A study from a team of Japanese researchers has revealed a new class of sleep-inducing drugs can potentially preserve a person's ability to wake quickly in response to loud threatening noises. The study suggests this new type of hypnotic drug could also reduce the "hangover effect" that commonly strikes people taking regular benzodiazepine-based sleeping aids.
"Benzodiazepines stimulate the widespread brain receptor GABA-A, which makes us sleepy but also suppresses off-target brain areas – including the "gatekeeper" that decides which sensory inputs to process," says Tomoyuki Kuwaki, senior author on the new research.
A classic study from the 1980s revealed that benzodiazepine triazolam, at a high dose, so strongly sedated the trial subjects that half the participants slept through three, minute-long loud bursts from a fire alarm. This inability to rouse subjects dosed with sleeping pills, when faced with emergency sensory input, is a serious problem that modern medicine has yet to overcome.
Over recent years a new class of drug called dual orexin receptor antagonists (DORAs) has been developed to assist with sleep difficulties. Instead of targeting the GABA brain receptors, DORAs work by more selectively influencing the brain's arousal and wakefulness pathways. This promises safety advantages over traditional sedatives, with one reported benefit a reduced "hangover effect," with the drug less likely to impact a user's driving ability the next day.
The new study set out to see if DORAs functioned as a better alternative to benzodiazepines in terms of also maintaining a person's alert responses while sleeping. Through a series of mouse trials, the researchers first revealed that an experimental version, called DORA-22, was as effective at promoting sleep as the benzodiazepine triazolam.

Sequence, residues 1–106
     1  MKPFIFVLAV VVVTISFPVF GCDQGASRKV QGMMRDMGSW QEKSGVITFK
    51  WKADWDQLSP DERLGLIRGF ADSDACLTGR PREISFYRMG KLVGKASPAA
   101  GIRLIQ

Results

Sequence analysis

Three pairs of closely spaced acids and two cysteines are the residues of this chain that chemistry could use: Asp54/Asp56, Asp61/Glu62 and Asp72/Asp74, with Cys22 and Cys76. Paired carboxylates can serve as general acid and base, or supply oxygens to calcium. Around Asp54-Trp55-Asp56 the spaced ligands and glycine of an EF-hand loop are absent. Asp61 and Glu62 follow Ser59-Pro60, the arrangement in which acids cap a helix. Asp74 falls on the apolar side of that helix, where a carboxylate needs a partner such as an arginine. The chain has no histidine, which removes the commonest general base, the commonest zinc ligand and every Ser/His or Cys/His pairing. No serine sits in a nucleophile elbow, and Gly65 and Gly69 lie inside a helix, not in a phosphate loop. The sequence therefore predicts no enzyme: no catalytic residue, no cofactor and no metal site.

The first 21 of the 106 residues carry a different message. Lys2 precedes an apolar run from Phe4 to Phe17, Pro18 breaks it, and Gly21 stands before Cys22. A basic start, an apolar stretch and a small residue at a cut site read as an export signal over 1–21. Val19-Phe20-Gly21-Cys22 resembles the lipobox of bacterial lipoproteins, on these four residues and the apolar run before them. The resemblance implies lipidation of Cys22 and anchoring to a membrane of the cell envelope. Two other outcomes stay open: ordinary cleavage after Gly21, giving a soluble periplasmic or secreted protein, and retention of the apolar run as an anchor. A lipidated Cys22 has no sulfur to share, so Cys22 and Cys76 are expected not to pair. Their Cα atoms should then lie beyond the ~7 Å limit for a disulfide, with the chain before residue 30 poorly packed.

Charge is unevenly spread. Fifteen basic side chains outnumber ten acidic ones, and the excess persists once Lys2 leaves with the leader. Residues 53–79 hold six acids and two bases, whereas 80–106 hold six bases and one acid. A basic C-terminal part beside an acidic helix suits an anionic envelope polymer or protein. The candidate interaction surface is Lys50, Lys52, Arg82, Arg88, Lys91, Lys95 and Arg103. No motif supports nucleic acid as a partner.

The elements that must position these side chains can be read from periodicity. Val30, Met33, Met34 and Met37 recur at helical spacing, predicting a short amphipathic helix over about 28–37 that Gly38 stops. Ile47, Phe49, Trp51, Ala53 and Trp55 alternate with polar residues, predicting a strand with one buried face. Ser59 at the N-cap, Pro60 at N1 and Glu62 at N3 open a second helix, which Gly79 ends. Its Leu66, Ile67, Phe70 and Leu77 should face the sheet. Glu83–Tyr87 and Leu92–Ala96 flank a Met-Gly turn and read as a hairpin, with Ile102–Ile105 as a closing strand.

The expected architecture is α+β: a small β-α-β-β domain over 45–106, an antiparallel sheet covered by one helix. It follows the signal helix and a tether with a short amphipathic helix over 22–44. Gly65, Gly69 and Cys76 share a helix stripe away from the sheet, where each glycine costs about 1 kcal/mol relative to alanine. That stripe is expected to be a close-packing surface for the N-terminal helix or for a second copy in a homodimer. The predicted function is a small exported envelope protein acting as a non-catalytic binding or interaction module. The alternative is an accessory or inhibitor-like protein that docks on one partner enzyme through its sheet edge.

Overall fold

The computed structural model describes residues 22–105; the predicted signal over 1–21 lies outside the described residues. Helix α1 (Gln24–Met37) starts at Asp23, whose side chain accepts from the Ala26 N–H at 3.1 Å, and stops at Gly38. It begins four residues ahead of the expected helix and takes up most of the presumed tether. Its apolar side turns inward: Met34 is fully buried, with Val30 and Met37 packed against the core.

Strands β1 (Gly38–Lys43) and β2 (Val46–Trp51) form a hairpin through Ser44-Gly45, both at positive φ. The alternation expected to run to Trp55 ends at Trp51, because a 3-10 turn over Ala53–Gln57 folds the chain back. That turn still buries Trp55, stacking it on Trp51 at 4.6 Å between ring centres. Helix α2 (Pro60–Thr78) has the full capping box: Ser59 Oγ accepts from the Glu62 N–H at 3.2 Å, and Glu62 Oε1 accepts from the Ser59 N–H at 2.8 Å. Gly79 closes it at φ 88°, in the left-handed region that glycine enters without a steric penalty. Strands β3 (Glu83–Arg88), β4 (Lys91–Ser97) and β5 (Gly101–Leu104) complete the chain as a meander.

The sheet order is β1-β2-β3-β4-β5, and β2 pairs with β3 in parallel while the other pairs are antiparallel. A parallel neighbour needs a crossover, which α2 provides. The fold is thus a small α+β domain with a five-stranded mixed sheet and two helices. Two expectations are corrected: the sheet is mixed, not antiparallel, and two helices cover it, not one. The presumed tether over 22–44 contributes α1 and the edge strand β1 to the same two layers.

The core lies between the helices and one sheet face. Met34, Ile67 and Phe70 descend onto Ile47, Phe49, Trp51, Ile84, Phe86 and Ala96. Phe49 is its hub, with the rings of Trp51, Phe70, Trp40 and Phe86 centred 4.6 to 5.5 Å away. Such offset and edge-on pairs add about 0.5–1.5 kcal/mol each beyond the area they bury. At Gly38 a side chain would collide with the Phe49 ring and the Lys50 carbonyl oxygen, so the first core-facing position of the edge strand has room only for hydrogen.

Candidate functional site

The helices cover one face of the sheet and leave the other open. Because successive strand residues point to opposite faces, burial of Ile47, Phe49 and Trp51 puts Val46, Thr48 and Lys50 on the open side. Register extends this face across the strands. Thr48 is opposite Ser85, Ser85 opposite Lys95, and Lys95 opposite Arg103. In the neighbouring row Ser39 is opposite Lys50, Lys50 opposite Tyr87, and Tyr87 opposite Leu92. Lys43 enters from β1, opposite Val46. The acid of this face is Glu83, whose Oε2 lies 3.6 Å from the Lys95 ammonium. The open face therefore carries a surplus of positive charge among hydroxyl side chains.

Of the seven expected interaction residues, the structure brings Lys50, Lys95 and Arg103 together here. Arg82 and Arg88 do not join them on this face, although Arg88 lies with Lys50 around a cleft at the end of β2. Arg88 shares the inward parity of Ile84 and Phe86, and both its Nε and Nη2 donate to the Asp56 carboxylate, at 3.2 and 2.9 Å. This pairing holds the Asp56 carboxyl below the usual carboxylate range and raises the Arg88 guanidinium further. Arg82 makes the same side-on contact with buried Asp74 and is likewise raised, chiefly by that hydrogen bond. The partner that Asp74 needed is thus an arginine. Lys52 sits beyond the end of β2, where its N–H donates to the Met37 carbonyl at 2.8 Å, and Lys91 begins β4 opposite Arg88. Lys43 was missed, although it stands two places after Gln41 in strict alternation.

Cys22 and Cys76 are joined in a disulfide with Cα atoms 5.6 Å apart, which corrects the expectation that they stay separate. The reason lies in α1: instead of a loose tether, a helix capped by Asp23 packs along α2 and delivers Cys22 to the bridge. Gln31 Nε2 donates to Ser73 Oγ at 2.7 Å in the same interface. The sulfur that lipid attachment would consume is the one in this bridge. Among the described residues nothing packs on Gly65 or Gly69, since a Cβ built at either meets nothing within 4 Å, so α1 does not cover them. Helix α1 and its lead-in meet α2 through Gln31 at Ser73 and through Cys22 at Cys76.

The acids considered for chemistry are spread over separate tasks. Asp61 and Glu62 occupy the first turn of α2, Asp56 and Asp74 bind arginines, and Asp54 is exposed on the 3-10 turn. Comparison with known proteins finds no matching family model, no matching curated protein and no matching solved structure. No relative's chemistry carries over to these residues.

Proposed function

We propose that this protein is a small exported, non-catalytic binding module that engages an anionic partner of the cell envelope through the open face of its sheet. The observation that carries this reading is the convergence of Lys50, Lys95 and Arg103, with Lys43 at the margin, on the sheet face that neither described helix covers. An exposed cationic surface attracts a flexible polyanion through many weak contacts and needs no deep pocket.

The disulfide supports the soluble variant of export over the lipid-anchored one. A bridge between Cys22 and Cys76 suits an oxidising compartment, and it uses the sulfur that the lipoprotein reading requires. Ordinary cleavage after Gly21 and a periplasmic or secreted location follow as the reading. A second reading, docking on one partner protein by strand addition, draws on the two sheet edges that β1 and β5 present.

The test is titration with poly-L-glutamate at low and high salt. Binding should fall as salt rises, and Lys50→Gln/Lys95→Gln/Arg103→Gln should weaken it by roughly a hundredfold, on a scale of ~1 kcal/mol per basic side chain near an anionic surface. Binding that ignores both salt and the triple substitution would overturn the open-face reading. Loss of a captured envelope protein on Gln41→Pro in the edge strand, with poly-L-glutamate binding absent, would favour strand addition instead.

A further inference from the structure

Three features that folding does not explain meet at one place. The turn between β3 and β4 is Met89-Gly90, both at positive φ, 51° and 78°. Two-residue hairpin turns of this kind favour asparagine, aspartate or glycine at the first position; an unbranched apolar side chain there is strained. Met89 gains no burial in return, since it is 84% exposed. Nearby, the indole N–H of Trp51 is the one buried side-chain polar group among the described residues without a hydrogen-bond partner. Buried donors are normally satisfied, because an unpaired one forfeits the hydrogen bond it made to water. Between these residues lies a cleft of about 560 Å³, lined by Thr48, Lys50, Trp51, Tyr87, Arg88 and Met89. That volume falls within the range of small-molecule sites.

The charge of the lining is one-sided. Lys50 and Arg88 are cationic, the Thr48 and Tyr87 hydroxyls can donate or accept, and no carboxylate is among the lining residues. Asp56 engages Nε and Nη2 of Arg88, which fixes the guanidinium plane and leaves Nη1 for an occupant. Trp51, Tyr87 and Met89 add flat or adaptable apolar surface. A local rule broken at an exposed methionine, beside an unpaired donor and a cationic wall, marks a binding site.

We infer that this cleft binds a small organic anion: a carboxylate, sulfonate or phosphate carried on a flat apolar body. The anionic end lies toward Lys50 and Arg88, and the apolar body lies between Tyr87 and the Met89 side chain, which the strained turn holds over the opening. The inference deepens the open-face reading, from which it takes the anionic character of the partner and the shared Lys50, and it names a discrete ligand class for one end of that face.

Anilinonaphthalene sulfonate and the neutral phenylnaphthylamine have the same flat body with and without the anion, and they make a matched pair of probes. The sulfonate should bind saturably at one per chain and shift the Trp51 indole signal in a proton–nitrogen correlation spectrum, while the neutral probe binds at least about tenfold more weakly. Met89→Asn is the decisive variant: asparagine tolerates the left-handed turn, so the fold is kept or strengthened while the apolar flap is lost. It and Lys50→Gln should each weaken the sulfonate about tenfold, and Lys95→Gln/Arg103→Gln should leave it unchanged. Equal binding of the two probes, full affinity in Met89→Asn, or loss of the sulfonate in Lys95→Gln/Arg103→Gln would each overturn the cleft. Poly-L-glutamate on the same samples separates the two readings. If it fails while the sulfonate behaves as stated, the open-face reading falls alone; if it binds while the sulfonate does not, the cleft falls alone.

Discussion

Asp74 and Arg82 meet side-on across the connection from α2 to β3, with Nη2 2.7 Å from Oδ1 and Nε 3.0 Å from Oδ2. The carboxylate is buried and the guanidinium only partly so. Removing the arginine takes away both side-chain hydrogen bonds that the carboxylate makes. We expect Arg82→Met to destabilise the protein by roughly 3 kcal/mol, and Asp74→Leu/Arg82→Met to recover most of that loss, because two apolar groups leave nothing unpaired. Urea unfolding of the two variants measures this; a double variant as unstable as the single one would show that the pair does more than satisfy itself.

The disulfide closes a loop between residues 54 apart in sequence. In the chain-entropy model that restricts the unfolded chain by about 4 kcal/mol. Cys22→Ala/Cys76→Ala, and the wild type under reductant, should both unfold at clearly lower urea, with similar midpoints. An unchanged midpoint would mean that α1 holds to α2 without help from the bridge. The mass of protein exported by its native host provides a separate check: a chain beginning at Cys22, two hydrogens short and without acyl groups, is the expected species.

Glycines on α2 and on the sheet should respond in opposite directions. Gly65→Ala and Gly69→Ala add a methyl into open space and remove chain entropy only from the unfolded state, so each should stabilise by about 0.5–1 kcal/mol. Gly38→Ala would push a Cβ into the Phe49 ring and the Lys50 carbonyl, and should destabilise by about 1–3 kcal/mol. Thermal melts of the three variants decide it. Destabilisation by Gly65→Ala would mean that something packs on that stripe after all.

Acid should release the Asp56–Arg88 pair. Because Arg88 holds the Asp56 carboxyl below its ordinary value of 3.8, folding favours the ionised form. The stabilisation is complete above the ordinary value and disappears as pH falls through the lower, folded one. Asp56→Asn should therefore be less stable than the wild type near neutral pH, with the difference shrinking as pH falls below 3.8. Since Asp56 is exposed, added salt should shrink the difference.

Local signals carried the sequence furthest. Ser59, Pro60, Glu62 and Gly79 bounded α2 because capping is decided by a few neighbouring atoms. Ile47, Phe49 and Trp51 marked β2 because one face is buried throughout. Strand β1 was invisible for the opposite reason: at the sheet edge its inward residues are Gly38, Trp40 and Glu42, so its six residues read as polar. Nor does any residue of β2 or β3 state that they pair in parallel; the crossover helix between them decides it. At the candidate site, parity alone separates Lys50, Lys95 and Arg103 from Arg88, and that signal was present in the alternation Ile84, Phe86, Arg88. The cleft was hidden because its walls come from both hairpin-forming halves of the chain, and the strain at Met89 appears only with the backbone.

In several different arousal tests, however, the research revealed the animals responded quickly to threatening stimuli and sounds, suggesting the new drug doesn't inhibit or suppress the body's waking systems in the same way as traditional sedatives.
"As expected, arousal in response to these threatening stimuli was delayed significantly in the triazolam treatment, but not in the DORA-22 treatment, compared to placebo," says Kuwaki. "Even though the DORA-22-treated mice were quickly woken by a threat, they subsequently fell back asleep as quickly as with triazolam, and significantly faster than with placebo."
It is unclear at this point whether the results can be replicated in humans, but the new study offers compelling insights into how this new class of hypnotic drugs works in fundamentally different ways to the traditional sedatives we are familiar with.
A DORA by the name of suvorexant became available in the United States in 2015 for treating serious insomnia. Since the drug's approval there have been a number of safety reports suggesting it was not as effective at inducing sleep as many had hoped. More than 40 percent of the reports suggested the drug simply did not work to help induce sleep, and 20 percent claimed the drug actually had the opposite effect, resulting in anxiety and wakefulness.
The Japanese team behind this new research suggests the concerns around suvorexant's efficacy won't signal the end for DORA drug development, but certainly more work needs to be done. DORAs are currently being refined so they clear the body faster, eliminating any "hangover effect," and their unique ability to preserve the wake response makes them an important and interesting new drug deserving of further investigation.
The new study was published in the journal Frontiers in Behavioral Neuroscience.
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